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Press Release

Former Mingo Prosecuting Attorney Sentenced To Federal Prison

For Immediate Release
U.S. Attorney's Office, Southern District of West Virginia

CHARLESTON, W.Va. – Former Mingo County prosecuting attorney C. Michael Sparks was sentenced today to a year in federal prison, United States Attorney Booth Goodwin announced. The sentence comes after Sparks admitted his role in a scheme to coerce a Mingo County drug defendant, George White, into firing his defense counsel. According to Sparks, he and other Mingo officials, including former county commissioner David Baisden and former sheriff Eugene Crum, learned that White was prepared to testify that then-Sheriff Crum had been involved in criminal activity. In order to protect Crum from the impact of White’s allegations, including possible investigation, Baisden, Sparks, Crum, and former Mingo circuit judge Michael Thornsbury carried out a plan to pressure White into firing his defense attorney and replacing him with another attorney handpicked by the conspirators. After switching lawyers, White dropped his allegations against Crum and was sentenced to up to fifteen years in state prison.

The United States Constitution entitles criminal defendants to counsel of their choosing. By using their official authority to coerce White into firing his chosen lawyer and replacing him with the lawyer that they wanted, Sparks and the others involved violated that right. Using public authority to violate a person’s constitutional rights is a federal crime.

In the midst of the White scheme, federal investigators approached Sparks for information about wrongdoing by him and other Mingo officials. Sparks agreed to cooperate with authorities, becoming the first of a group of corrupt Mingo officeholders to assist federal agents. The information that Sparks provided laid the groundwork for a successful investigation of wrongdoing among those officials. To date, that investigation has led to federal prison terms for former Mingo County circuit judge Michael Thornsbury, former Mingo County commissioner David Baisden, and former Mingo County chief magistrate Dallas “Big Dal” Toler. In addition to their prison sentences, each of those officials has resigned his office as a result of the federal investigation, and Thornsbury and Sparks have lost their licenses to practice law.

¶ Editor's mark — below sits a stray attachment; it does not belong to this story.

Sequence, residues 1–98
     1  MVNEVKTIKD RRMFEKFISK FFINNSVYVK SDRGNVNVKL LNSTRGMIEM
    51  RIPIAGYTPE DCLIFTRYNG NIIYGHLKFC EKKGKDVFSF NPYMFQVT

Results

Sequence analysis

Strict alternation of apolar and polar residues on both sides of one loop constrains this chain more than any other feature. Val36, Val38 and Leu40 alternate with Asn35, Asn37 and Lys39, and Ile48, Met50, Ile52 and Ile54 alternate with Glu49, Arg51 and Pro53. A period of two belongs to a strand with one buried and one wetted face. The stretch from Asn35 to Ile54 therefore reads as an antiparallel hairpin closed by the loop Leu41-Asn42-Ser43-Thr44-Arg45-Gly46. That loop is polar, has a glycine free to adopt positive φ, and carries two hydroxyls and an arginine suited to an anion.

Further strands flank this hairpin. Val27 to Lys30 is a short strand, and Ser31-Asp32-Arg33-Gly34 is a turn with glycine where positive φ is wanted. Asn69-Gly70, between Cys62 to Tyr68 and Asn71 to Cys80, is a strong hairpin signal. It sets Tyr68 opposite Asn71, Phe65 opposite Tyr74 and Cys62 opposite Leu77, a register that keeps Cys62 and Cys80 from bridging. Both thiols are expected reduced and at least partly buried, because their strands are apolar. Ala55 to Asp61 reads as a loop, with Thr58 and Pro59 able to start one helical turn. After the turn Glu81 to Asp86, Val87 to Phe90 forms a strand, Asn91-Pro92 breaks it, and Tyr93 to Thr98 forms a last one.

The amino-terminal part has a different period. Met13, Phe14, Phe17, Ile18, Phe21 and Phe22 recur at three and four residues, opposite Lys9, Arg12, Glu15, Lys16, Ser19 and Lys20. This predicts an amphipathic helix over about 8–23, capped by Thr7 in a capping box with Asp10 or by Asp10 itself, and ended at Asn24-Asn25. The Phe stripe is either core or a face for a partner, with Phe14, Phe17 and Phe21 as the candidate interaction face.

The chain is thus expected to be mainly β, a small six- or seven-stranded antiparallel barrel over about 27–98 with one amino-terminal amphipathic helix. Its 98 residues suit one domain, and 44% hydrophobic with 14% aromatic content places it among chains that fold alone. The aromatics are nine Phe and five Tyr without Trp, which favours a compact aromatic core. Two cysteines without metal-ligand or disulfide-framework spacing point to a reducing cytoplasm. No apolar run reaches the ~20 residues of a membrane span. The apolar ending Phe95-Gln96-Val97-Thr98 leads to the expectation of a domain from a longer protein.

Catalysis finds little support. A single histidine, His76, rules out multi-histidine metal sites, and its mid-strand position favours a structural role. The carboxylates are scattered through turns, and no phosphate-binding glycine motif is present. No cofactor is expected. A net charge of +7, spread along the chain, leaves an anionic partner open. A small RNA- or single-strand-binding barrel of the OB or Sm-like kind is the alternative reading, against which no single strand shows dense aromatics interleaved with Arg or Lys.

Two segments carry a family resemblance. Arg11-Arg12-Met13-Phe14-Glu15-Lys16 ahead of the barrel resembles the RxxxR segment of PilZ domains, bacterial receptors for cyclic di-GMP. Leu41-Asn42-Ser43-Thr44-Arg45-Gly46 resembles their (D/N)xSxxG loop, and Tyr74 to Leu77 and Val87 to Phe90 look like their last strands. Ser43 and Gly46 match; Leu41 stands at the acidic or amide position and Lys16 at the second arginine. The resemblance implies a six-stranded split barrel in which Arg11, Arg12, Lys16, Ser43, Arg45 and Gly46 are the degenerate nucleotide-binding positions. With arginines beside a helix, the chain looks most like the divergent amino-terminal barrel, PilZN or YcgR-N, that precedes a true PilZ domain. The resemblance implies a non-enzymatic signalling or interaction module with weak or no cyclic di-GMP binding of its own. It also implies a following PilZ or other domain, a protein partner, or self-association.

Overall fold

Because of Sparks’ early and valuable participation in the investigation, Goodwin’s office sought a one-year prison sentence in Sparks’ case—significantly shorter than the sentences imposed on his fellow former officials.

“This sentence strikes an appropriate balance,” said U.S. Attorney Goodwin. “It punishes wrongdoing while encouraging officials involved in public corruption to come forward, admit what they’ve done, and help federal authorities. What Sparks did was indefensible, and he deserves prison time. But his early cooperation was vital to our investigation in Mingo County. This sentence underscores that telling the truth at the beginning of an investigation is always a wise decision.”

Today’s sentence was imposed by United States District Judge Thomas E. Johnston, who last month sentenced Thornsbury to 50 months in prison for his role in the same scheme in which Sparks was involved and in March sentenced Toler to 27 months in prison for election fraud. In sentencing Sparks, Judge Johnston focused on the importance of Sparks’ early and truthful cooperation with federal officials.

In January, after pleading guilty in an extortion scheme, Baisden was sentenced to 20 months’ imprisonment by United States District Judge John T. Copenhaver, Jr.

The investigation of corruption in Mingo County is being conducted by the Federal Bureau of Investigation and the West Virginia State Police. Counsel to the United States Attorney Steven R. Ruby and Assistant United States Attorney C. Haley Bunn are in charge of the prosecutions.

Updated January 7, 2015